Thursday, 25 September 2014

Failure of advertisement

Yesterday I saw the movie "The Maze Runner" based on the book (which I never read) for young adults that carries with it several problems I'd like to discuss. Of course, anything I speak of can only refer to the movie, so if the book explains something the movie doesn't then I have to apologize because there's no real way I can know that. So, on to the movie.

The story begins with a young man riding an elevator to the top of an open field where other boys and young men like him are looking down at him as it comes to a stop. He is frightened because he doesn't remember anything and the others don't seem interested in telling him.

After a night of celebration he recalls his name and learns what is going on. They are all trapped in the center of a large maze, whose doors close at night, and are traveled by maze runners during the day to find the way out. Meanwhile, the rest of the young men tend to "The Glade", the center of the maze where they live. Soon, things begin to happen, and their small world begins to change . . .

And that's the set up.

Now the good points of the story are a few. The maze has a good set up, is really well designed and looks pretty cool. There aren't really any unlikeable characters which modern young adult stories are usually swimming with either. Finally, the sequences in the maze are exciting, well done, and would have made this excellent.

Which leads me to my problems. The main one being, the maze takes up probably about twenty minutes of the whole movie. The majority of it takes place in young adult cliche land which I would like to call The Glade. Had the movie fully used the maze concept (puzzles, moving walls and sections, dangerous obstacles, and rest stops) it would have been far more interesting and original. As a result, most of the movie ends up so highly predictable that I couldn't help but lament at the wasted potential this concept had.

The Glade takes up most of the movie and it is simply not interesting in the slightest. If you have ever read a modern young adult story you can already guess the cliches coming.

Character that blames the main character for everything and is staunchly traditional in staying in The Glade (the character's actions at the end of the movie are so highly predictable and pointless that the story would have only improved with his absence), characters that do nothing but sit in The Glade and talk over and over again about stuff that ends up not mattering, and a girl character who might as well not even be there as her only characteristic is "the girl". Then there's the ending that everyone saw coming by the first dream at the beginning of the movie-- highly cliche and predictable, including a character death that was entirely unneeded and an escape that might as well have not happened because of what ends up happening next. Then there's the state of the world . . . needless to say, I tuned out by that point. I'd seen it all too many times.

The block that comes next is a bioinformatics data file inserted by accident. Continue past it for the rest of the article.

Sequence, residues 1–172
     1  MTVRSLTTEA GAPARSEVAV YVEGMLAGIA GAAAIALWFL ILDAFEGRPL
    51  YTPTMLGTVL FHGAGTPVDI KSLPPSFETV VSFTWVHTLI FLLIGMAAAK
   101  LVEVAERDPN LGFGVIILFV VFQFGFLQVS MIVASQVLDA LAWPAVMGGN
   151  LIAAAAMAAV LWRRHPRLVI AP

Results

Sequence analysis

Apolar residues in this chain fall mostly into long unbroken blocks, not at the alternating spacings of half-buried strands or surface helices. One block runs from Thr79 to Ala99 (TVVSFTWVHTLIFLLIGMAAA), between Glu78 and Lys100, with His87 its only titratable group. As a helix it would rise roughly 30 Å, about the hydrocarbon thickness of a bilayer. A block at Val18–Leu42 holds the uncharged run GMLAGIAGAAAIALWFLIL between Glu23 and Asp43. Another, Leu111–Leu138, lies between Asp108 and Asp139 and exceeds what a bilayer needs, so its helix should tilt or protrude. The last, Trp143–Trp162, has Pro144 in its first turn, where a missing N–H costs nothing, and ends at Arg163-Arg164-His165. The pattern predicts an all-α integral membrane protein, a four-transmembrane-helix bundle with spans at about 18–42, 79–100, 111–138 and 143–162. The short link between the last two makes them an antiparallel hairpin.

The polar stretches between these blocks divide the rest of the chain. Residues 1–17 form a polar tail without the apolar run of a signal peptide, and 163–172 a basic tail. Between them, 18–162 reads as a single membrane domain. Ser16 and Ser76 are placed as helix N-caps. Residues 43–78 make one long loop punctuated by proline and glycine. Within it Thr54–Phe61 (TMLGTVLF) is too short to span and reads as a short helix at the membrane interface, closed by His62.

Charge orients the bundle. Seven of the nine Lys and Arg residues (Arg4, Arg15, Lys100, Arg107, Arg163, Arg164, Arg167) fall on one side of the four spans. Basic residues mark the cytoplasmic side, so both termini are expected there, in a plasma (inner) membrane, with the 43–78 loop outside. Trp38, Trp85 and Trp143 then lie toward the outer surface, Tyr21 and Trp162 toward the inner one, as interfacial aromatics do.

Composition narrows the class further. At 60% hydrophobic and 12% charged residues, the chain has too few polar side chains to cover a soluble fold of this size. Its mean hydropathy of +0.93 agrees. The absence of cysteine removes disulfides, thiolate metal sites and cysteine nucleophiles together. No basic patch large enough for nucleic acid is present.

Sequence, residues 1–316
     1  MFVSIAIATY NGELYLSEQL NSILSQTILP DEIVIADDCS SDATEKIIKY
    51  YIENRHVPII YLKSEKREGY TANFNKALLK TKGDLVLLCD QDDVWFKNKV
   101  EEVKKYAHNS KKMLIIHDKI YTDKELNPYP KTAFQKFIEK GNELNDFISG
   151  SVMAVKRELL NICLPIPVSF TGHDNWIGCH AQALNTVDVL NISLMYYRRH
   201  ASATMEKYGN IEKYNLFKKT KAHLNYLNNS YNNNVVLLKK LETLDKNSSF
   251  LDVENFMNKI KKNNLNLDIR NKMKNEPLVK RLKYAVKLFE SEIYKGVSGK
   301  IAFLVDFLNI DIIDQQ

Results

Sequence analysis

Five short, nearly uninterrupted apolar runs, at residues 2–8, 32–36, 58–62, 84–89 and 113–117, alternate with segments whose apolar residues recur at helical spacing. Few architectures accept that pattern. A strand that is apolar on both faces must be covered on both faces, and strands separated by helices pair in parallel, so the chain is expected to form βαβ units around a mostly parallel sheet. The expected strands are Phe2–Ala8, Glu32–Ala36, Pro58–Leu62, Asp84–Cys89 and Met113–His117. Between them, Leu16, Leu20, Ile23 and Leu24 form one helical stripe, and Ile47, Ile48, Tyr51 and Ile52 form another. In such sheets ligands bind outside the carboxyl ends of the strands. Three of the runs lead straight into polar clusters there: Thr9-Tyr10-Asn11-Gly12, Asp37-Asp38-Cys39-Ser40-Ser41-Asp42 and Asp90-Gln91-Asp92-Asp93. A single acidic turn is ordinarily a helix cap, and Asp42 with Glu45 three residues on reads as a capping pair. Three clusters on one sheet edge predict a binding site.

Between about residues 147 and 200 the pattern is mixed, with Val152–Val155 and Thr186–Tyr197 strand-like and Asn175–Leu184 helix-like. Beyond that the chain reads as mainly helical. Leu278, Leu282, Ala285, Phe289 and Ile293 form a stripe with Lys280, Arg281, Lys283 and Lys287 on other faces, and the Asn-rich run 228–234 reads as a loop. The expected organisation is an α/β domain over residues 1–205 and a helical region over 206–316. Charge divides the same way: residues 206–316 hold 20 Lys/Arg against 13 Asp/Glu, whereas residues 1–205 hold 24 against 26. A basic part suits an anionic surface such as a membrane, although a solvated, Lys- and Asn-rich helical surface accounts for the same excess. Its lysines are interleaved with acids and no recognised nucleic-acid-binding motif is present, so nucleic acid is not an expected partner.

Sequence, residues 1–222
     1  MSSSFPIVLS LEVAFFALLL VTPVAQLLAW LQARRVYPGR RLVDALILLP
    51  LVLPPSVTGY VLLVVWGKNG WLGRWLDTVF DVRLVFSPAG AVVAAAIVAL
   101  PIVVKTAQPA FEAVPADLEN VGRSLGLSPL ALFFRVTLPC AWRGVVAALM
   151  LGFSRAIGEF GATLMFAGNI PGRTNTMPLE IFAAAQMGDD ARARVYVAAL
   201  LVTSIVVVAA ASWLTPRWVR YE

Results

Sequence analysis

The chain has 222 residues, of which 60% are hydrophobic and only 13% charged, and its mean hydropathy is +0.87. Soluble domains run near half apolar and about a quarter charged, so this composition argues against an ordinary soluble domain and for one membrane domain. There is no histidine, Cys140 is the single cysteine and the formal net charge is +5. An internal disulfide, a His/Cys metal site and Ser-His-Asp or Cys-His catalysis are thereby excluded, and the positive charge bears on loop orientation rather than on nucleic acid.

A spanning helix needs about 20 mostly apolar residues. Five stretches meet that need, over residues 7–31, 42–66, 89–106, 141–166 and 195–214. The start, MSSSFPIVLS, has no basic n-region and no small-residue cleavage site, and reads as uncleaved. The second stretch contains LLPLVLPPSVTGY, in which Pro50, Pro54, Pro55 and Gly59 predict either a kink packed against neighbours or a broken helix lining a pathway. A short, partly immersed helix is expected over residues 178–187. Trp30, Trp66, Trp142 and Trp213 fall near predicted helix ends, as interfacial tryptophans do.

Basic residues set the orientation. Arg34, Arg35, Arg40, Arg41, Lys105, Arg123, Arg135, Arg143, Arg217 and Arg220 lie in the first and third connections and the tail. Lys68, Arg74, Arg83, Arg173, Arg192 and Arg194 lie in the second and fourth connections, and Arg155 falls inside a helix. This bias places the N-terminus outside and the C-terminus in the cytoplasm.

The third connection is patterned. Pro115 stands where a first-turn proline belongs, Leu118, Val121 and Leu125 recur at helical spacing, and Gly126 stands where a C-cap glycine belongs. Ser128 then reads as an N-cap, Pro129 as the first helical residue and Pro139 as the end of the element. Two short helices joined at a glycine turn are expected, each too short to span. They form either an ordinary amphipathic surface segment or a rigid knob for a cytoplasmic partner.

There are also holes all over the place.

If you want to be pedantic, considering the "rules" of the maze, there are things that seem out of place. The Grievers, for instance are really superfluous to the story, and only seem to be there to add conflict. Considering the reveal at the end, they seem even more silly to have been put there. There's also a way they regain their lost memories which is quite silly, honestly. All in all, I really didn't see much point for them to be there except for the characters to have something to get killed by. Considering they're obviously made to test strength and none of the characters can even penetrate their shells on a basic level, they seem even more over the top.

When I said earlier that the story would have been better without the YA tropes, I meant it. A story about a group traversing a maze and testing their wits and skills is a great recipe for an adventure story. But because this is YA we have to have grimdark settings, lots of gratuitous death, a betrayer character (does anybody like these characters?), lots of arguing and angst, commentary about society to mirror the extremely boring Glade (its commentary that you've already heard hundreds of times by age twelve), and a "twist" ending that shows how horrible the world is and how the YA protags are the special ones to change it.

None of that was needed and stifles a potentially interesting story and smothers it in cliches. Maybe I'm just sick of post-apocalyptic grimdark stories, but I can't remember the last time I've seen an exciting one not marred with the same stock messages and telegraphed plot turns. A simple adventure story starting with a maze would have been a far better bedrock to build a potentially interesting story from, but I guess I should be used to not expecting much in the way of creative settings when YA dystopia sells too well now.

Despite my complaints, it was a solid movie. Well directed (could do without shaky-cam, though), well acted, well cast, and has engaging cinematography, The Maze Runner is not bad. You could do a lot worse in the YA world right now, and at least this one isn't obsessed with sex all the time. I would give it a go if you're a YA fan or like dystopian stories. Not so much if you're a fan of mazes or adventure stories. You don't get much of either here.

Give it a different title and I'd be more pleased with it. Unfortunately, there really isn't much maze running to be had.

All in all, solid movie.

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